Friday, December 28, 2012

Family Christmas

Christmas is, perhaps, the one time when families try their darndest to get along. "Because it's Christmas" is a familiar phrase. If you're a parent, there are two families, sometimes more, who seem to "require" your presence and can and do cause problems if you can't be there because you're here on the holiday. We tried to balance that with one year there; one year here; one year with everyone here and one year with no one here. It didn't always work out that way, owing to the unpredictable winter weather of the Upper Midwest, but we made every effort to try.

I don't know the date, off the top of my head, for this photo. My family had come to my house for Christmas. There were the obligatory family photos and my youngest brother and my sister decided silliness needed to be included. I love the look on Dad's face. He's sort of resigned to our shenanigans. I'm guessing, from my haircut and glasses, this is mid-1980's.

In these later years, with a child now on her own, Christmas can sometimes feel like just another day, albeit a day I don't have to work. We always opened the bulk of our gifts on Christmas Eve, leaving a clear spot for whatever Santa brought. So, I open the bulk of my gifts on Christmas Eve. Even now, I send carefully wrapped packages to Carole marked "To Carole, From Santa". It's the spirit of things and it's nice having that one or two packages still under the tree, not to be touched until Christmas morning.

This year, my brother moved into a new house and he insisted Christmas would be at his house. We are now grandparents with two significant others, two kids with significant others, 2 kids not married and 4 of the next generation under the age of 6 roaming the halls. Dad may be gone, but mom has remarried and her husband is a part of the shenanigans that are a hallmark of our family. Dan was insistent that we have "family" Christmas. We even moved the date around to make sure everyone could be there.

Alas, it was not to be. While I made it, thanks to Dan for gas money, the pre-Christmas Blizzard of 2012 knocked out power to my sister's house. She wouldn't leave until it was restored and she knew it was secure. She left for Iowa the day I left Iowa for home. We weren't even in the same state at the same time. Oh well. Such is life sometimes.

We went ahead and had Christmas without her and she will be celebrating again with everyone tomorrow. It was still a bit hectic as people had to come from some distance and people had to leave to head to another location for another family Christmas.

"Do we want to open gifts before the dinner is ready?" Dan asked.

That was the best thing to do. While adults can be patient watching the Packers destroy their opponent, little kids have no idea why people are interested in the TV. They will, however, push the buttons on the remote because it's funny to see how adults react when their football disappears.

So, we jumped into full-scale Christmas mayhem. "We need a garbage bag for wrapping paper!" Mary hollered. There were huge gifts that would have yielded sections of wrapping paper which could be reused next year. I remember, in another time and place, saving the paper, flattened, in a box for reuse. You cut off the edges with tape and the paper was available in ever decreasing sizes for several years on end, if it had wrapped a large toy.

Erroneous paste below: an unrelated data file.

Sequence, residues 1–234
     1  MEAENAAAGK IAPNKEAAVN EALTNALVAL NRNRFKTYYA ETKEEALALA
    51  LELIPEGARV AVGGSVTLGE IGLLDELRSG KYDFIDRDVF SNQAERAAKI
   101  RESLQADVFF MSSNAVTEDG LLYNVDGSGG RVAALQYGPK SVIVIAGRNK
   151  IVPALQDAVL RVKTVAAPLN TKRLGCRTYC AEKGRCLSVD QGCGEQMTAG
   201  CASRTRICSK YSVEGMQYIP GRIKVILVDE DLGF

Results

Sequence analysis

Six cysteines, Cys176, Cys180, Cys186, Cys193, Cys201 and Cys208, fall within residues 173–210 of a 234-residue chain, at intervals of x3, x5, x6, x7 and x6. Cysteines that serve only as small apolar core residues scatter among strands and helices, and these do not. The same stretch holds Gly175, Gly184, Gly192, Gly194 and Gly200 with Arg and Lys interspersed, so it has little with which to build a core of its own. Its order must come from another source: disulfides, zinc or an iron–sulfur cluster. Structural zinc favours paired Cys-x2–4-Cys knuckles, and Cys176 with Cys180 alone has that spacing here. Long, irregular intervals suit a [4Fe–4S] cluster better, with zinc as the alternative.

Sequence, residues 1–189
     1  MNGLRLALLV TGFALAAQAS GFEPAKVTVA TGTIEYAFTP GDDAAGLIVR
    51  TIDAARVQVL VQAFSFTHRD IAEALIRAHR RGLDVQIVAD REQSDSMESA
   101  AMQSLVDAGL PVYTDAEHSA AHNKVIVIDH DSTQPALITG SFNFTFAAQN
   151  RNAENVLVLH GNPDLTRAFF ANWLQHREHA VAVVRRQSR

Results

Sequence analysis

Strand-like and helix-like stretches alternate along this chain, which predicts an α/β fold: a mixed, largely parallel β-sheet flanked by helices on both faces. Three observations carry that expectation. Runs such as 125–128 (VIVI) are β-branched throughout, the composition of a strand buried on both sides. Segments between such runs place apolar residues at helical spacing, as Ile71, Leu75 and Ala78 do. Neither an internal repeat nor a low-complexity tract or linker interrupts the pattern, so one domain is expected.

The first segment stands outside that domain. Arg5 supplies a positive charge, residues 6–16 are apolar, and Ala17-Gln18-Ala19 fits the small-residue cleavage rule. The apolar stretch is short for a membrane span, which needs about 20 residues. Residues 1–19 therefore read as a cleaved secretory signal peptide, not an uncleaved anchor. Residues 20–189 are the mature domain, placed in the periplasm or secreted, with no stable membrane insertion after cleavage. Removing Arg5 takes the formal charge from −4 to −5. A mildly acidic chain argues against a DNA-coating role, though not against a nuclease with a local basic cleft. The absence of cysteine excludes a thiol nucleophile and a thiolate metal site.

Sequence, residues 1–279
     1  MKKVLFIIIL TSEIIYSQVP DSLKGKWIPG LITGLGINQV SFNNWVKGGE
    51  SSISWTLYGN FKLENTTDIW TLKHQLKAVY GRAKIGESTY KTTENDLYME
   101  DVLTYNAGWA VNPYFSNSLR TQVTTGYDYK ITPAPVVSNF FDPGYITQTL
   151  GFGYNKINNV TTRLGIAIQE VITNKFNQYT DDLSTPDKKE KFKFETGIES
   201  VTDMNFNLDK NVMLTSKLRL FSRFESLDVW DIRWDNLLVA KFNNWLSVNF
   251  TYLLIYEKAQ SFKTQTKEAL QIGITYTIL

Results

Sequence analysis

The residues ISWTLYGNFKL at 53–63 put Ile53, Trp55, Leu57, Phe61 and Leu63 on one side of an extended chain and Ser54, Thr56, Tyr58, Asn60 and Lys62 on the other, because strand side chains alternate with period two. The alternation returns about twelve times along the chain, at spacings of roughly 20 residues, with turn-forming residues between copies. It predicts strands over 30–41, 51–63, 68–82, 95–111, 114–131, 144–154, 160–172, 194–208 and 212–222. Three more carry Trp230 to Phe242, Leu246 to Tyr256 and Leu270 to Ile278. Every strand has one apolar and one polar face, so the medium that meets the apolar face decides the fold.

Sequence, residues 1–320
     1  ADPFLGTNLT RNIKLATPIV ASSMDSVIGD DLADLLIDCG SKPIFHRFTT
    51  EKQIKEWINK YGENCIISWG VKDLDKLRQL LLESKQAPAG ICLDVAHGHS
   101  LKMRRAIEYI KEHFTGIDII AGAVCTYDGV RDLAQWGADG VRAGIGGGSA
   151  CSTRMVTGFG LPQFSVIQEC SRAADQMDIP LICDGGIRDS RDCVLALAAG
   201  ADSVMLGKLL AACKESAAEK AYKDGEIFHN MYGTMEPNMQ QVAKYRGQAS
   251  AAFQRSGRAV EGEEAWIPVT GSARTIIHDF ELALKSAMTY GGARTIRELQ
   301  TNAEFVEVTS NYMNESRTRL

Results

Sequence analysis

I don't do that anymore. I do recycle all my wrapping paper now that one can do that. I remember when it was burned in the furnace or in the burn barrel. That it can be recycled shows how far we've come in our efforts to be more green and less throw away.

My family has been doing something for a few years now that I didn't know about until gifts were exchanged. They try to mislead someone with the wrapping or wrap a small gift in increasingly larger packages. Carole and I did that with several of her friends from high school. We put one of Niles' gift cards in a duct taped plastic bag and then froze the bag in a block of ice. Rob's gift was buried in our back yard and he was given GPS coordinates spelled out in words on a piece of notebook paper that we got wet. Carole was given a gift card carefully inserted into the side of an empty case of Diet Coke. Think about how thin the cardboard is on a case of soda. It took her 30 minutes and repeated urgings to "look again" before she found it.

Dan gave Mary a birthstone ring. In the above photo, she's down to wrapping number 3. The ring itself was then wrapped and covered with two layers of tape. It took her a good 20 minutes to get through all the packaging. Later, Dan had to figure out how to open a duct taped package. He "cheated" by inserting a knife right along the edges and slicing the top open.

Had I known this was how packages are given, I'd have been more creative in wrapping mine. As it was, I put the same label on two different items which caused a number of "Getting old, Deb?" comments.

The day ended with a huge dinner, some of which was bagged up and sent home with me. There was madness. There was chaos. There were kids crying because whatever he has, she wanted. "No no. This is yours." There were lost tags and "ooh's" and "aahs". There was family. The 6 of us are up to 18 which makes any location a squeeze and a shower of wrappings. But, we were mostly all together, just as silly as we were 20 years ago.

"That's what Christmas is all about, Charlie Brown."

Beverage:  English Breakfast tea


1 comment:

  1. That sounds like a wonderful, memorable Christmas! We normally have a little after Christmas gathering at the New Year with dh's extended family, but we won't be able to this year. It's certainly not as lively as yours, but I'll miss it!

    Happy New Year!